nframes, npixels = np.shape(M)
# Identify the bin containing the sinusoidal artifact
# Use the average intensity for each image
m = np.mean(M, axis=1)
# Calculate the FFT
Fm = np.fft.rfft(m)
# Find the largest bin away from the low-frequency region
lowfreq = 100  # or something
badbin = lowfreq + np.argmax(Fm[lowfreq:]**2)

# Now adjust the amplitude of that bin in the FFT of each pixel
for pixel in range(npixels):
   Fpix = np.fft.rfft(M[:, pixel])
   # Scale magnitude of artifact bin to be the mean of its neighbors
   Fpix[badbin] *= np.mean(np.absolute(Fpix[[badbin-1, badbin+1]]))/np.absolute(Fpix[badbin])
   # Rewrite the time sequence of that pixel
   M[:,pixel] = np.fft.irfft(Fpix)

This should work if the artifact is exactly constant amplitude and frequency, and its frequency falls right on to a submultiple of the sequence length (i.e., the sinusoids represented by the FFT). In general, you might want to flatten out one or two bins either side of badbin to deal with a slightly broader set of narrowband corruptions, e.g.

# ...

   # Scale magnitude of artifact binS to be the mean of neighbors
   spread = 3  # flatten bins from (badbin - (spread-1)) to (badbin + (spread-1))
   # target value for new bins
   targetmag = np.mean(np.absolute(Fpix[[badbin-spread, badbin+spread]]))
   bins = range(badbin - (spread-1), badbin + spread)
   Fpix[bins] *= targetmag/np.abs(Fpix[bins])
   # ...

If you want to constrain the component removed from each pixel to have the same frequency and phase of the artifact detected in the mean intensity, you could remove just the projection of the badbin magnitude onto that phase, e.g.

badbinphase = np.angle(Fm[badbin])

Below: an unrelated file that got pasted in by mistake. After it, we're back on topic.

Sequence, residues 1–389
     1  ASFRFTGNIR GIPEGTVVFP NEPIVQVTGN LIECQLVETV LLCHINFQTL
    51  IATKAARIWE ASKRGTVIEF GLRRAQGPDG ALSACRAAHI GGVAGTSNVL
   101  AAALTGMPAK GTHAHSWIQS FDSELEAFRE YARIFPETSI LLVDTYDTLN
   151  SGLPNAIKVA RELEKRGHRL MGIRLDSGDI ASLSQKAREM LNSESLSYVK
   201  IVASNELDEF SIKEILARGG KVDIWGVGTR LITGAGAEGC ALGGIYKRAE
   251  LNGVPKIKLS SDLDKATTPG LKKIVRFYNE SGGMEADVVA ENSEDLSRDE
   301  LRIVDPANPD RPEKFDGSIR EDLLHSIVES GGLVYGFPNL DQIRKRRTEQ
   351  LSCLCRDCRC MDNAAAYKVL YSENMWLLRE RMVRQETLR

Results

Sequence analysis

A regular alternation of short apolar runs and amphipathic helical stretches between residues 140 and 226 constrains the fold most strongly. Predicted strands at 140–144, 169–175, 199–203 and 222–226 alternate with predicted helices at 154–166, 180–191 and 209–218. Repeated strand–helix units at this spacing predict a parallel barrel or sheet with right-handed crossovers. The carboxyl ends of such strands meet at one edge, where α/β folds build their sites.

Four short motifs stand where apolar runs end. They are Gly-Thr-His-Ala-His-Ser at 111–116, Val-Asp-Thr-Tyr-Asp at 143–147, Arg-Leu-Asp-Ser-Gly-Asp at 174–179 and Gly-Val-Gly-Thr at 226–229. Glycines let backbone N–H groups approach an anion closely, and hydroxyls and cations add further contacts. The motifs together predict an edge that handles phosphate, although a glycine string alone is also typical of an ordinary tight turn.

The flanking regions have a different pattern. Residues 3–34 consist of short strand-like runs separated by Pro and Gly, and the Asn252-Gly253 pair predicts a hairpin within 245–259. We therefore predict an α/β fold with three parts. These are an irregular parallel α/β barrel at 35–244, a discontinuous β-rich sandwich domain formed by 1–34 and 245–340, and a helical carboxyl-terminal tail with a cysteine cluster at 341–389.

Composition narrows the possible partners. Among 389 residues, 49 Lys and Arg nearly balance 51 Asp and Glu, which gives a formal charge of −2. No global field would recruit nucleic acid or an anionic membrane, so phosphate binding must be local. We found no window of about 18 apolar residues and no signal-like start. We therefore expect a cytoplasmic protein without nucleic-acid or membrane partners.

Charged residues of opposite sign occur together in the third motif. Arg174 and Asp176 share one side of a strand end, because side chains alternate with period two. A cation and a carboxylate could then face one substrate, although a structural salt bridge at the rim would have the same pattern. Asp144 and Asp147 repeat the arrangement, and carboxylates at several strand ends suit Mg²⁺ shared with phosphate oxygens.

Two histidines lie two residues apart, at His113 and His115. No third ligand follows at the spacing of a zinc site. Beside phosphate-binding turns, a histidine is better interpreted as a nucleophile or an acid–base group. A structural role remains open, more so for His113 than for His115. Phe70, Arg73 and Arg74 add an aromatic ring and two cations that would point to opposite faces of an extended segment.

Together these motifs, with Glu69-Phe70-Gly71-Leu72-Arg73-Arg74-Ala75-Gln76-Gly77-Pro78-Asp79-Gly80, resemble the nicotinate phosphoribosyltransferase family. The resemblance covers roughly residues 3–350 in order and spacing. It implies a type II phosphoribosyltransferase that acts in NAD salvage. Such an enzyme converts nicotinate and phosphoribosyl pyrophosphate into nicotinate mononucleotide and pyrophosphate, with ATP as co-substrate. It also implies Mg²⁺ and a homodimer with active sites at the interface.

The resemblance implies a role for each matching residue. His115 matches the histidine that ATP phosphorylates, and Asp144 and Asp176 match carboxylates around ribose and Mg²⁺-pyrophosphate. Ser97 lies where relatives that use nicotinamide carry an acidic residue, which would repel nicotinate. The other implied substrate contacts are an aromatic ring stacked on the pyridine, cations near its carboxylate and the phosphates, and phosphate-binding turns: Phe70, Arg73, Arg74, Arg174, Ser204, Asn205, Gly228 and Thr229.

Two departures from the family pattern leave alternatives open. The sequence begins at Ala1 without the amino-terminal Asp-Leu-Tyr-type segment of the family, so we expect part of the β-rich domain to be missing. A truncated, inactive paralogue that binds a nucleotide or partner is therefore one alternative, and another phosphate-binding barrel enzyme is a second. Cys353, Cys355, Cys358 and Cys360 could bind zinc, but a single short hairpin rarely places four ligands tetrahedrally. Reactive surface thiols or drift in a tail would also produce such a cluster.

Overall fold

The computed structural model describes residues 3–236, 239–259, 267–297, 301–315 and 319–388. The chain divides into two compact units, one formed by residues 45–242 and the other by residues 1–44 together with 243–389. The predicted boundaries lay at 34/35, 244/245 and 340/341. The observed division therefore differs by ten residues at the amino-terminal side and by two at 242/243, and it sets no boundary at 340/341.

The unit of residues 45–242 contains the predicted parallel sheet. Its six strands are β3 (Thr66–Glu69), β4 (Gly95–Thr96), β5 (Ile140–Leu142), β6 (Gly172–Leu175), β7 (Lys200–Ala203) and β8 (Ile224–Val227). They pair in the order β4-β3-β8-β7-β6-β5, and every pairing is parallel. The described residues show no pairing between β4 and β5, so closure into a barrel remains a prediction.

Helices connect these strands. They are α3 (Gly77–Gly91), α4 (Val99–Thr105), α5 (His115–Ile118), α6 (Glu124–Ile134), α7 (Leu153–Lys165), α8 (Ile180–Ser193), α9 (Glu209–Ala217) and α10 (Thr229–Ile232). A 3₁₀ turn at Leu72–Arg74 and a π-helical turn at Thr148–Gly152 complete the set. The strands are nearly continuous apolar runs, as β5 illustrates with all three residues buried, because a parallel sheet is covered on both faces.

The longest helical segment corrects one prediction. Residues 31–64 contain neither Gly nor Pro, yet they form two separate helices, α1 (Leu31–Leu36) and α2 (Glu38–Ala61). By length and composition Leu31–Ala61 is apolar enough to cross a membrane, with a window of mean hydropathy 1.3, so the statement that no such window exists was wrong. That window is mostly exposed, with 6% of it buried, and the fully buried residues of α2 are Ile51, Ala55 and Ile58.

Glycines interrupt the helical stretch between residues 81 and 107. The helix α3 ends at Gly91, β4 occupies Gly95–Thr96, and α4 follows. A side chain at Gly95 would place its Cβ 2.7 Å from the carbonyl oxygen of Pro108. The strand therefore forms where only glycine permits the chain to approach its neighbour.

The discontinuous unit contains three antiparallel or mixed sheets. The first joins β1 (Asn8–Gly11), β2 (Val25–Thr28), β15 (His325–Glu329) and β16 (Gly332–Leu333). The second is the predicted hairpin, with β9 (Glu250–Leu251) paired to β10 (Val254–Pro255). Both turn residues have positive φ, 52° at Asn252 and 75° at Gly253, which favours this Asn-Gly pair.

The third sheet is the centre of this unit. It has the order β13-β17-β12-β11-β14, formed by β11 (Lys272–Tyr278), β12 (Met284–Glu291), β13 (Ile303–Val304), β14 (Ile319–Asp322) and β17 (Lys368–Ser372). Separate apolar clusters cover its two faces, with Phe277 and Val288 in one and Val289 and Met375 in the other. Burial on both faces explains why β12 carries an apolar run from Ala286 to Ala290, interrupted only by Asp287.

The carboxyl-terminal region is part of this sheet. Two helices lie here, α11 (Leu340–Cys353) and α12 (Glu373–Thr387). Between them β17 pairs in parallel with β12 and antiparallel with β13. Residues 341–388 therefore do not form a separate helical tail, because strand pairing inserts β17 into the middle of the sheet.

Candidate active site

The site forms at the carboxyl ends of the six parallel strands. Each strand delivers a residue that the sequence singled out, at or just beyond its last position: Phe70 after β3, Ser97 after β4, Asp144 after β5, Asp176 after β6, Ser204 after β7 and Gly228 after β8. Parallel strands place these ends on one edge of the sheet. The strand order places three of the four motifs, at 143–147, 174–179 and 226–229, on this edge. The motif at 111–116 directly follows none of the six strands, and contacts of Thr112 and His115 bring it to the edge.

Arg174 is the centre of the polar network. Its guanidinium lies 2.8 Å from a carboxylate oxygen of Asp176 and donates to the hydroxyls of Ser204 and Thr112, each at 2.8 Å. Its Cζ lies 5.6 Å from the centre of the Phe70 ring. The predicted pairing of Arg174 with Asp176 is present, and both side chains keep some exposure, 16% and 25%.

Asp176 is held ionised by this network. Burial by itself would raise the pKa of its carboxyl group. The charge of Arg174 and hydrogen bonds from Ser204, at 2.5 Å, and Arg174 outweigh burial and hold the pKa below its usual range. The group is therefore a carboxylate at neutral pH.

# ...

   Ncomponent = np.abs(Fpix[badbin])*np.cos(np.angle(Fpix[badbin]) - badbinphase)
   Fpix[badbin] -= Ncomponent * np.exp(0+1j * badbinphase)
   # ...

Note that the resulting component at badbin will now always be 90\deg phase shifted (orthogonal) from the global badbinphase in every pixel - any signal component at exactly that frequency and phase cannot be separated from the artifact.

  • $\begingroup$ Isn't that essentially what I'm already doing with the notch filter? I still think it's not quite ideal, though, since this approach doesn't take into account information about the phase of the oscillation I'm trying to remove, which is constant over time. It seems to me like it should be possible to selectively remove the artifact without affecting 'genuine' signal that falls into the same frequency band. $\endgroup$
    – ali_m
    Jun 24, 2014 at 16:38
  • $\begingroup$ It's not exactly what you did: firstly, it's a much narrower notch; secondly, unlike the Butterworth filter, it causes no phase distortion. If you subtract the FFTs before and after modification, you get a single nonzero component with some amplitude, and the phase of the original spike. This is the signal we're removing in the time domain, i.e. a sinusoid of constant amplitude at exactly the frequency and phase of the spectral peak. If the underlying signal has energy in this region, it appears as noise in the estimate, but should wash out. $\endgroup$
    – dpwe
    Jun 25, 2014 at 0:19
  • $\begingroup$ I realize you may have meant enforcing the same phase across every pixel, so I added that to my answer. It's not magic, though - you can't separate the in-phase component of signal and noise, so you're always left with a residual 90\deg shifted from the estimated artifact. $\endgroup$
    – dpwe
    Jun 25, 2014 at 0:54